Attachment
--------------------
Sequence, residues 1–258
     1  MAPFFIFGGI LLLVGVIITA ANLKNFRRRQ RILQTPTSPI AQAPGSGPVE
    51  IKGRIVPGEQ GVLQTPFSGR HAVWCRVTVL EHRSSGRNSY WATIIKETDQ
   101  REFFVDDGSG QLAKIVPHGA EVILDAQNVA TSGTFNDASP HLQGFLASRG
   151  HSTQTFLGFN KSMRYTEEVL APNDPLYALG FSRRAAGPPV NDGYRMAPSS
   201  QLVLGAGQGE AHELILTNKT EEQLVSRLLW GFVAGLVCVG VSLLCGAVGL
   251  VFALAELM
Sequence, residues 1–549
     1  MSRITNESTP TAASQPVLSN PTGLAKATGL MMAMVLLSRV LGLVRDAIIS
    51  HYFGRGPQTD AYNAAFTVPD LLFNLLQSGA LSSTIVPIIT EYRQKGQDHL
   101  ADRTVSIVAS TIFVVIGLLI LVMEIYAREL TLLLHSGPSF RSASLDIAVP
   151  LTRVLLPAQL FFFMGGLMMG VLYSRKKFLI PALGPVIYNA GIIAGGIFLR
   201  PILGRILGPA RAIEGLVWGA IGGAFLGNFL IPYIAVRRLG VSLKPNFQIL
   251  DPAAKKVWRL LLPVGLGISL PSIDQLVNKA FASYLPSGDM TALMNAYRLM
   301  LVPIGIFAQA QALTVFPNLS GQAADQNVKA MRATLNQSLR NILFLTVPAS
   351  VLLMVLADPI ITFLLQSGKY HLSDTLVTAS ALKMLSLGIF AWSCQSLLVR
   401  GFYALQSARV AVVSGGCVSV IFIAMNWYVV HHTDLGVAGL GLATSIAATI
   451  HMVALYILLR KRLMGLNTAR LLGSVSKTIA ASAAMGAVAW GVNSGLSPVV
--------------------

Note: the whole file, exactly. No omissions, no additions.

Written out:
Sequence, residues 1–258
     1  MAPFFIFGGI LLLVGVIITA ANLKNFRRRQ RILQTPTSPI AQAPGSGPVE
    51  IKGRIVPGEQ GVLQTPFSGR HAVWCRVTVL EHRSSGRNSY WATIIKETDQ
   101  REFFVDDGSG QLAKIVPHGA EVILDAQNVA TSGTFNDASP HLQGFLASRG
   151  HSTQTFLGFN KSMRYTEEVL APNDPLYALG FSRRAAGPPV NDGYRMAPSS
   201  QLVLGAGQGE AHELILTNKT EEQLVSRLLW GFVAGLVCVG VSLLCGAVGL
   251  VFALAELM
Sequence, residues 1–549
     1  MSRITNESTP TAASQPVLSN PTGLAKATGL MMAMVLLSRV LGLVRDAIIS
    51  HYFGRGPQTD AYNAAFTVPD LLFNLLQSGA LSSTIVPIIT EYRQKGQDHL
   101  ADRTVSIVAS TIFVVIGLLI LVMEIYAREL TLLLHSGPSF RSASLDIAVP
   151  LTRVLLPAQL FFFMGGLMMG VLYSRKKFLI PALGPVIYNA GIIAGGIFLR
   201  PILGRILGPA RAIEGLVWGA IGGAFLGNFL IPYIAVRRLG VSLKPNFQIL
   251  DPAAKKVWRL LLPVGLGISL PSIDQLVNKA FASYLPSGDM TALMNAYRLM
   301  LVPIGIFAQA QALTVFPNLS GQAADQNVKA MRATLNQSLR NILFLTVPAS
   351  VLLMVLADPI ITFLLQSGKY HLSDTLVTAS ALKMLSLGIF AWSCQSLLVR
   401  GFYALQSARV AVVSGGCVSV IFIAMNWYVV HHTDLGVAGL GLATSIAATI
   451  HMVALYILLR KRLMGLNTAR LLGSVSKTIA ASAAMGAVAW GVNSGLSPVV